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The movie, Chariots of Fire is the true story of Eric Liddell, a man who ran for Scotland, then went on to become a missionary. You may recall that he refused to run on the Sabbath, forfeiting some of the awards he probably would have won in the 1924 Olympics.

There was another scene in that movie that may have appeared like Hollywood fiction, but it was also true. One year before the pivotal event in the movie, Eric Liddell ran in a meet between England, Ireland and Scotland. He ran the 100-, 220-, and 440-yard events.

In the 440, he got off to a bad start. When that gun sounded, there was a lot of shoving to get in front to the inside lane, the advantageous position.

Liddell tangled feet with J. J. Gillies of England and tumbled to the track. He sat there dazed for a moment, not knowing whether he could get up, when the official screamed,

"Get up and run!" He jumped to his feet and took off after the pack, which was now a full twenty yards ahead of him. In a quarter mile, that’s a big distance to try to make up. In his unorthodox style of running he took off after the pack. He pulled into fourth place ten yards behind the leader, J. J. Gillies.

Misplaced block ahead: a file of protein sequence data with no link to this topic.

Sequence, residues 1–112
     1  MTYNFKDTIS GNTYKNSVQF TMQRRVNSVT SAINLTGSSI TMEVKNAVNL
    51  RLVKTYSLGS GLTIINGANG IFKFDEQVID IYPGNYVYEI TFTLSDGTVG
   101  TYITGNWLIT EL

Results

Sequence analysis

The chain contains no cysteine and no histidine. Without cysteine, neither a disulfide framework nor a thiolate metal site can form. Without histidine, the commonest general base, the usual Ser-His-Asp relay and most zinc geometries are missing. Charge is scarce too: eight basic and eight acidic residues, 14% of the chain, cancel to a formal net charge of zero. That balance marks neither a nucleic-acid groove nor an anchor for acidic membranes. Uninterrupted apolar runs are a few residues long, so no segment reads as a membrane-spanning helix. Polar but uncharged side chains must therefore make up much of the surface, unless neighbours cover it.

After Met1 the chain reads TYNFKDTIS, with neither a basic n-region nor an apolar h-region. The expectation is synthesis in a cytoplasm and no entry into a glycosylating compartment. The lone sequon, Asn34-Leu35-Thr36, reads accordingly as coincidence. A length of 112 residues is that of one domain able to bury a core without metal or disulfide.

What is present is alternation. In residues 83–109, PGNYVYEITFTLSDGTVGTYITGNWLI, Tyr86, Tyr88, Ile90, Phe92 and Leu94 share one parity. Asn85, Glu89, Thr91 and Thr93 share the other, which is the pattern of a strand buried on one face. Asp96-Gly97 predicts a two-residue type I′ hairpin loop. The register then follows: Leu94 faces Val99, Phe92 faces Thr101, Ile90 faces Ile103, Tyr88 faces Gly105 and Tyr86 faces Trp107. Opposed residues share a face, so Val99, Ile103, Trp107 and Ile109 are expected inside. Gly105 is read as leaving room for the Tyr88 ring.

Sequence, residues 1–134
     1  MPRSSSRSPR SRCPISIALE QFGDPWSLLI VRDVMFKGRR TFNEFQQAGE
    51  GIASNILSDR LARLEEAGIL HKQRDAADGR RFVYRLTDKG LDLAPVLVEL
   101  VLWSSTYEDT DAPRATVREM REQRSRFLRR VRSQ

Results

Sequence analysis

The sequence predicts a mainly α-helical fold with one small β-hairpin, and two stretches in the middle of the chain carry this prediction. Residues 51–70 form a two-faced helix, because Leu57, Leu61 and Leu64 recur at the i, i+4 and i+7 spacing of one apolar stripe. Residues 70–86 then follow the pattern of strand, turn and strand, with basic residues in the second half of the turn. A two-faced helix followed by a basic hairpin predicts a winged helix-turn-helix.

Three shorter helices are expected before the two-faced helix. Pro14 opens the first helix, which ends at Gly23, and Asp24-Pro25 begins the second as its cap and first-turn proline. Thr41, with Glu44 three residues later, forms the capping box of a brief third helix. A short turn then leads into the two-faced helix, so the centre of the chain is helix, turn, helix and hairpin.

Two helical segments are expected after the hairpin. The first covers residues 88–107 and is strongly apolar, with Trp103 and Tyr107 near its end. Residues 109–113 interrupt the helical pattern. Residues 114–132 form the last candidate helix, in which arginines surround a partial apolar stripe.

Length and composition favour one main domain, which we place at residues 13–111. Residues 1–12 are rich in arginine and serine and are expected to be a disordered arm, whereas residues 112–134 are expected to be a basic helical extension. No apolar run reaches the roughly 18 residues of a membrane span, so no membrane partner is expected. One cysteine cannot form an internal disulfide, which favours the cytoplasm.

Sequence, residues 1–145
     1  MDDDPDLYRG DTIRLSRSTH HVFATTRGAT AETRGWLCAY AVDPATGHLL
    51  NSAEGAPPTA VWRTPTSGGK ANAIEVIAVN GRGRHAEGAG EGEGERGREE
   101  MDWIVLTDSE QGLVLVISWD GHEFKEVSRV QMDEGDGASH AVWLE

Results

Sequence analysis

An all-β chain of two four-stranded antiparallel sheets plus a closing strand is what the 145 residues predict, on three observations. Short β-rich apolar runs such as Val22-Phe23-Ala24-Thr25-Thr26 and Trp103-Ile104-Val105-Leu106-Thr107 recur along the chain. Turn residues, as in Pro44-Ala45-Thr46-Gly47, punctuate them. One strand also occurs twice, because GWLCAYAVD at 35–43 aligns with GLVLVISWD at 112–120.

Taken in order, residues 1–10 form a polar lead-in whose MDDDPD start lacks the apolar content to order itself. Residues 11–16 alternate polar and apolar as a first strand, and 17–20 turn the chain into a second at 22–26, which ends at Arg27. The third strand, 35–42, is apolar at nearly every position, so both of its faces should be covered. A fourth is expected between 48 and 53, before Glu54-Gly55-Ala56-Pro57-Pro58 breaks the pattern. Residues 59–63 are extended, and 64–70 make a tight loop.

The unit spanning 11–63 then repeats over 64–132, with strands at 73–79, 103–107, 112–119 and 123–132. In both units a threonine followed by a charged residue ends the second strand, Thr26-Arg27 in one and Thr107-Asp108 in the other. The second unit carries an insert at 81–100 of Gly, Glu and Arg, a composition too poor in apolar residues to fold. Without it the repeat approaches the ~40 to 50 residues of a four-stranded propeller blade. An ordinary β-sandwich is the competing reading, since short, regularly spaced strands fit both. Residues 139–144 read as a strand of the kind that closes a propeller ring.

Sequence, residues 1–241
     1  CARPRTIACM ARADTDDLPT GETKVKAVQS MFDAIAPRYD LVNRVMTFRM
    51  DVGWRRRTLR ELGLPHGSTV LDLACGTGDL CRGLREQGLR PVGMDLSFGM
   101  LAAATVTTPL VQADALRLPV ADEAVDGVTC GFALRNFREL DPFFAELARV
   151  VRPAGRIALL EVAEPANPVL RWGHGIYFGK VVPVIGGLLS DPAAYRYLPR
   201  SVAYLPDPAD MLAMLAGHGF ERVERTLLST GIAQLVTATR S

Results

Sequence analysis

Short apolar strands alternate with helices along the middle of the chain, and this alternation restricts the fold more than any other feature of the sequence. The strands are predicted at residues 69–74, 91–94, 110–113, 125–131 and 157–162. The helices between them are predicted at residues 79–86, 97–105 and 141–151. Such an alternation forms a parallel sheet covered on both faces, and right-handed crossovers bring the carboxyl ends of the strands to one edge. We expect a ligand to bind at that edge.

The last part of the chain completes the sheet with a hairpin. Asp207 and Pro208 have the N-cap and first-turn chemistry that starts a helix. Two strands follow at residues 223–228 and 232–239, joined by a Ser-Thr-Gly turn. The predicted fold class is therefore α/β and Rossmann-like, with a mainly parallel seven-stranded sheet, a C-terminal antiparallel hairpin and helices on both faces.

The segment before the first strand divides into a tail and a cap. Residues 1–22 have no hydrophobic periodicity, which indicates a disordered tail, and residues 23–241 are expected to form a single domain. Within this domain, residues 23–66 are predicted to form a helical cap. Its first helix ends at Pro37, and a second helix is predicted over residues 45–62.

With forty yards to go, he pulled into third place, then second. Right at the tape he passed Gillies, stuck his chest out, won the race, and collapsed to the track in total exhaustion. Medical personnel had to assist him off the track that day.

An article appearing the next day in The Scotsman newspaper said, "The circumstances in which Liddell won the race made it a performance bordering on the miraculous. Veterans whose memories take them back thirty-five years and in some cases longer in the history of athletics were unanimous in the opinion that Liddell’s win in the quarter mile was the greatest track performance they had ever seen."

There’s something glorious about getting up off the track after you’ve been knocked down and running again. Win or lose, you didn’t stay down.

Citation: Craig Brian Larson, "Strong to the Finish," Preaching Today, Tape No. 155.

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